Press release

Special Daily Brief of Ukraine: Sanctions in response to Russia’s invasion

on 23.02.2022

As Russian illegitimate recognition of two Ukrainian breakaway regions escalates the security situation, Western allies enact sanctions. These are examined in today’s brief.


Russia’s upper house unanimously approved a request from President Putin to send troops into Donbas on a ‘peacekeeping’ mission. The Russian President told reporters on Tuesday that the best solution is for Ukraine to abandon all ambition of joining NATO. In the same statement, he announced that the Minsk Agreement is effectively dead, moreover he recognized the separatists’ claim to the entire Donbass region. Consequently, setting a pretext for further escalation and possible open conflict with Ukraine. ‘Predicting specific possible action is impossible, it depends on the situation’, according to President Putin. Russia also announced plans to withdraw its diplomatic staff from Kyiv, citing failure by Ukrainian authorities to adequately respond to threats to its diplomatic staff.

United States

In response to the recognition, American President Joe Biden announced severe sanctions against two of Russia’s largest financial institutions, VEB and it military branch as well as targeting Russian elites and their family members. Speaking from the White House President Biden said Washington is prepared to go further if Russia continued its invasion as President Putin ‘bizarrely asserted that these regions (Donetsk and Luhansk) are no longer part of Ukraine and their sovereign territory.’ Antony Blinken, US Secretary of State cancelled a planned meeting with Sergei Lavrov his Russian counterpart in the wake of Russia’s decision to send troops into Eastern Ukraine.

European Union

European Union joined Britain and the United States by unanimously approving the first package of sanctions specifically targeting 351 members of the Russian parliament and 27 individual entities responsible for undermining Ukraine’s sovereignty. Including the suspension of the Russian-owned gas pipeline NORD Stream 2 that cost almost 11 billion USD. “This package of sanctions that has been approved unanimously will hurt Russia and it will hurt a lot,” said Josep Borrell Fontelles, the bloc’s foreign policy chief.  Furthermore, the European Union declared that bigger sanctions could follow but stopped short of defining the exact trigger for these sanctions. Russia’s decision to recognize the Ukrainian regions of Donetsk and Luhansk is illegal and completely unacceptable,” said the Commission President Ursula von der Leyen. It is thought by European observers that by keeping Russian troops from crossing the contact line between separatists and Ukrainian Army, Russia is trying to stay below the toughest sanctions threshold in a tactic of ‘advance, pause, negotiate’, said Mr. Speck of the German Mashall Fund.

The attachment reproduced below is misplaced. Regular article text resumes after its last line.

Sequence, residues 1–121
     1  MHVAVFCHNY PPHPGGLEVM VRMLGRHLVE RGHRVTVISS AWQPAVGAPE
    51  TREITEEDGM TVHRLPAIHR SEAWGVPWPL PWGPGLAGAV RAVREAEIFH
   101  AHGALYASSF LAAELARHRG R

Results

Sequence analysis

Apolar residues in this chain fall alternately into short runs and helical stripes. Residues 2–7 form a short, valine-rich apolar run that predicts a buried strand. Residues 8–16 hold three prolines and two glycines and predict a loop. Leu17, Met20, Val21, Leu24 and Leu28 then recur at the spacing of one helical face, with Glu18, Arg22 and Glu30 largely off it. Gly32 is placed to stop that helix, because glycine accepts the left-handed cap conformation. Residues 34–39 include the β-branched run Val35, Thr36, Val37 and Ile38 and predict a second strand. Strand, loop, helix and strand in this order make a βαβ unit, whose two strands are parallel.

Ukrainian President Volodymyr Zelensky spoke to journalists on Tuesday in Kyiv after meeting with Estonian President Alar Karis calling on Western partner countries to support Ukraine with tough sanctions as well as with tough words. He also admitted to considering the severing of diplomatic relations between Ukraine and the Russian Federation. At the press conference in Estonia, he affirmed Ukraine’s readiness to defend itself. In a similar statement Ukraine’s Foreign Minister Dmytro Kuleba met with US Secretary of State Antony Blinken on Tuesday and said that Ukraine would ‘utilize every tool of diplomacy to deter Russia’ and ‘If that fails, Plan B is to fight for every inch of our land, and every city and every village’


Following Russia’s recognition of breakaway regions, Slovak opposition members were quick to defend Russia’s actions. Citing Ukraine as the aggressor, they claimed that Ukraine provoked and threatened Russia while the West senselessly supported this aggression. This is the latest episode in a very public campaign of Slovak opposition politicians support of Russia and condemnation by any means a meaningful response to Russian aggression. Going as far as inciting personal attacks on members of the ruling coalition parliamentarians as well as even  purchasing public billboards denouncing  President Čaputová  and the coalition as traitors for approving the recent defence treaty with United States.

In response to this position, a public protest against Russian aggression is organized for Wednesday 23 February outside of Russian embassy, to demonstrate that there are members of wider public who are not supporting Russia.

Bucharest Nine

Presidents of nine Central and Eastern European countries have confirmed that they will meet in Warsaw on Friday 25 February in response to the current situation in Ukraine, according to Mr Jakub Kumoch the Head of Polish President’s International Politics Bureau. The Bucharest Nine format has existed since 2014 and consists of four Visegrad countries Czech, Hungary, Poland, and Slovakia, three Baltic countries: Estonia, Latvia and Lithuania and two Eastern Europe countries: Bulgaria and Romania.


Fellow and Project Manager, Future of Security Programme



Fellow and Project Manager, Future of Security Programme